"Researchers from ITMO University, the University of Sheffield, and the City College of New York have proposed a metasurface with unique topological properties. The proposed system is based on a photonic topological insulator integrated with a two-dimensional semiconductor and stimulates polaritons – quasiparticles that combine the properties of topological photons and excitons. The discovery opens the door to more efficient light control and hence advanced transmission and processing of optical information. The related article is published in Nature Communications. Two-dimensional materials in photonics The creation of efficient light control systems is one of the major challenges for photonics today. Nothing in the universe is faster than light." [...]
"Tiny light-emitting devices that can create all the colors in the rainbow are essential for the next generation of phones and screens. Micrometer-scale light-emitting diodes (μLEDs) are the ideal building block for next-generation microLED displays used in head-mounted monitors, mobile phones and televisions because they are bright, respond quickly, offer longevity and consume little energy. KAUST researchers have shown that these scaled-down devices can efficiently emit light across the entire visible-light spectrum. Just as with conventional LED displays, full-color μLEDs products will require arrays of blue, green and red light sources. Nitride-based alloys are a group of semiconducting materials that offer one route to achieving this because, with the right chemical mix, they can emit all three colors. However, when nitride devices are reduced in size to micrometer scales, they become very poor emitters of light." [...]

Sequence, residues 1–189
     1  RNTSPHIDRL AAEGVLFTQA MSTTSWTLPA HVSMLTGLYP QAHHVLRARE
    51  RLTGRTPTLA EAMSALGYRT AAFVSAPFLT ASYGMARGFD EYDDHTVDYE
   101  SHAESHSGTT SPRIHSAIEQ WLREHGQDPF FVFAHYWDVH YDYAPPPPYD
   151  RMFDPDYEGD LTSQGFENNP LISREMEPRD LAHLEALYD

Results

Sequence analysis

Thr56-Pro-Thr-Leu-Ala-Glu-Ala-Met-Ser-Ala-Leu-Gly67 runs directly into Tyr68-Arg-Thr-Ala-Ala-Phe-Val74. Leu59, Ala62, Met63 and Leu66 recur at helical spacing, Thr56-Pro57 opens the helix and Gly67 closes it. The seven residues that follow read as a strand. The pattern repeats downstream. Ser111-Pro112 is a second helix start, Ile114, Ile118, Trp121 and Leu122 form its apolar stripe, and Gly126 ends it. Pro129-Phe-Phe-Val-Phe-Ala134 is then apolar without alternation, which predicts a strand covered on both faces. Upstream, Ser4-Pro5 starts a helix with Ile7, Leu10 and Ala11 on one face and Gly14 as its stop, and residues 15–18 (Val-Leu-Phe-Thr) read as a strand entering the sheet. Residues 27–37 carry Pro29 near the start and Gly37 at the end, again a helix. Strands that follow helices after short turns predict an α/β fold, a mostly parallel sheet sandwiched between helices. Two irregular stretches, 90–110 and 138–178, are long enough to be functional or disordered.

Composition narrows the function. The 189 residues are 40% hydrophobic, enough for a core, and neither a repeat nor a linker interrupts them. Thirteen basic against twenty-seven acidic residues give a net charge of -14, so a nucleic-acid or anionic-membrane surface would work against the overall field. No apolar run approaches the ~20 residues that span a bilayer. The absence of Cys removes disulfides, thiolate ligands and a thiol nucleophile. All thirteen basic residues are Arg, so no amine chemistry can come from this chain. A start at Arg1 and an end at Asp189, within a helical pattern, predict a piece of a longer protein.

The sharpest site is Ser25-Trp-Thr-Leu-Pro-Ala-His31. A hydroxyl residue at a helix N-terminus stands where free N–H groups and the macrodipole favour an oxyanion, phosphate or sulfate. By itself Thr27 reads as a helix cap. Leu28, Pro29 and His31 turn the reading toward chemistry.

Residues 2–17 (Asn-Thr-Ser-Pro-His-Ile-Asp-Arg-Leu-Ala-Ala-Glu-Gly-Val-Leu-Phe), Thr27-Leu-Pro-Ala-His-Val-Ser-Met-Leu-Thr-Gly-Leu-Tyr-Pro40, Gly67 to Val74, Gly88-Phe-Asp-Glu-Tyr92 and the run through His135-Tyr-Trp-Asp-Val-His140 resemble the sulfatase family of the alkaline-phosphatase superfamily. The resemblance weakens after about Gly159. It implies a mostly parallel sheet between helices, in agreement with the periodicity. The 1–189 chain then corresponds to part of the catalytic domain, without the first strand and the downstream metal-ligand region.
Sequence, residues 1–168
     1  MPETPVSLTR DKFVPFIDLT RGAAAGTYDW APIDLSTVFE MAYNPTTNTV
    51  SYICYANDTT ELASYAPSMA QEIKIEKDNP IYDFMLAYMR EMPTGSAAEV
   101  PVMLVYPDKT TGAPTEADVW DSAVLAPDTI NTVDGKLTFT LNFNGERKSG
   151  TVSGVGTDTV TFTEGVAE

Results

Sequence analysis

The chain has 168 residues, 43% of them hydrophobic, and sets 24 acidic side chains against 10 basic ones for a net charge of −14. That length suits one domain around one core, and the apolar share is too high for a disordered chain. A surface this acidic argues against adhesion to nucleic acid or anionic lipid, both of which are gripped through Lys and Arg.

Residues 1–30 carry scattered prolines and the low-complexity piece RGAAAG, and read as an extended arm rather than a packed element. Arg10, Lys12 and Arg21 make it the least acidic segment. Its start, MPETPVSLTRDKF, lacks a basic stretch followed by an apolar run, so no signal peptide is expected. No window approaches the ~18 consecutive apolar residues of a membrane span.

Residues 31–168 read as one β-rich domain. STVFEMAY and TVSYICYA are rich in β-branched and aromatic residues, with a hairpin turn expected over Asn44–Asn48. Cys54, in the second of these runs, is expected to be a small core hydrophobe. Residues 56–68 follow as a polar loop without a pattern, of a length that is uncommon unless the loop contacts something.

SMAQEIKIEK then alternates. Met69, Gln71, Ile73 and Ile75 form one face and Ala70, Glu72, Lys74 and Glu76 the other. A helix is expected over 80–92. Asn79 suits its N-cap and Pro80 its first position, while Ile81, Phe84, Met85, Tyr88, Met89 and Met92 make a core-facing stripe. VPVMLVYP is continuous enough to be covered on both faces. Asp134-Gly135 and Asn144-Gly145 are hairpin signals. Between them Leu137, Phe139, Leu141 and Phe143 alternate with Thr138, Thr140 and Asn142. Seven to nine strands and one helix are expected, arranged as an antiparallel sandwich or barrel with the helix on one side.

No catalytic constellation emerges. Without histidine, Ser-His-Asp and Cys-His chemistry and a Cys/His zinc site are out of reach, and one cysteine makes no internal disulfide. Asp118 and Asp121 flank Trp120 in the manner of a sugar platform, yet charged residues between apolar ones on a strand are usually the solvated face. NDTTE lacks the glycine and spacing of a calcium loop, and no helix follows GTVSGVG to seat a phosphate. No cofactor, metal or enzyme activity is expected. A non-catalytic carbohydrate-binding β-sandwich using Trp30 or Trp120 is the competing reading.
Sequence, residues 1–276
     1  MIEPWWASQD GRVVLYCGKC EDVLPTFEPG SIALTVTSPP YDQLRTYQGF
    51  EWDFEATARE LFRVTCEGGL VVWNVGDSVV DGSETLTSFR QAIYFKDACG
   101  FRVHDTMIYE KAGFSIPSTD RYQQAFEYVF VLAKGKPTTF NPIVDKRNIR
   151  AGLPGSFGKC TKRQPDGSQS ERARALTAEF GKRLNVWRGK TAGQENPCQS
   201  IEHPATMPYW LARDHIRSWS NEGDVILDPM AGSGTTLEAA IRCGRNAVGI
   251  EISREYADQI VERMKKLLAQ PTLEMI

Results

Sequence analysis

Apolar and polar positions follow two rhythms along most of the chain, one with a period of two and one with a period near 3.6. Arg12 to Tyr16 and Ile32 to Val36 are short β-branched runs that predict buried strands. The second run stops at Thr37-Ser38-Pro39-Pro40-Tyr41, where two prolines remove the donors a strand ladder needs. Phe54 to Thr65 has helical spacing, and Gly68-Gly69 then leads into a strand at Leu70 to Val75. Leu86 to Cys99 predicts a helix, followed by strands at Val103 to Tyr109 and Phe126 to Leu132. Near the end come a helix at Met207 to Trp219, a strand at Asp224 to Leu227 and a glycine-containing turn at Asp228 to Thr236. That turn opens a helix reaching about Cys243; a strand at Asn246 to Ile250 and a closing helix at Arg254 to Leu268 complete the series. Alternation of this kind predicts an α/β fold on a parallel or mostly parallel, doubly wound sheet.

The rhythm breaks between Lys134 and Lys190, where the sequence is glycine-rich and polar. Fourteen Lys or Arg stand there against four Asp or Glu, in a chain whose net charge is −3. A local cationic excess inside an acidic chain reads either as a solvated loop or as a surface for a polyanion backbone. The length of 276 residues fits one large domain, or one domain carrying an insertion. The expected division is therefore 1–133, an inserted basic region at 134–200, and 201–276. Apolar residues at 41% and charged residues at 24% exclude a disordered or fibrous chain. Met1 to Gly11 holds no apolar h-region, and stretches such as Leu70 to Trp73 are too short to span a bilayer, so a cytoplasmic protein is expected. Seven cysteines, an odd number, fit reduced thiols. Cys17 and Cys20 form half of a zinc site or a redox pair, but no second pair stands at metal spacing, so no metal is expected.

"Microscopic experiments could make massive industrial processes more sustainable: researchers investigate laser-induced crystallization using microfluidics. When Bruce Garetz, professor of chemical and biomolecular engineering, examined the test tubes that his student had exposed to laser light in his lab, he noticed something odd: The tubes that once contained liquid solution now contained what appeared to be crystals, implying that nucleation and crystal growth, two steps of the process of crystallization, had occurred. Why had this happened? After scouring scientific literature for explanations, he found no answers. Now Garetz and colleague Ryan Hartman, associate professor of chemical and biomolecular engineering, will have a chance to pull the curtain back on this process. On June 16, 2021, the pair received a $453,103 grant from the National Science Foundation (NSF) to design and study microfluidic non-photochemical, laser-induced nucleation (NPLIN) of preselected organic molecules." [...]
"For decades, particle accelerators have been getting bigger and bigger. In the meantime, ring accelerators with circumferences of many kilometres have reached a practical limit. Linear accelerators in the GHz range also require very long construction lengths. For some years now, however, an alternative is explored: "tabletop particle accelerators" based on the laser excitation of charge waves in plasmas (laser wakefield). Such compact particle accelerators would be particularly interesting for future accelerator-driven light sources, but are also being investigated for high-energy physics. A team from Helmholtz-Zentrum Berlin (HZB) and the Physikalisch-Technische Bundesanstalt (PTB) has developed a method to precisely measure the cross-section of electron bunches accelerated in this way." [...]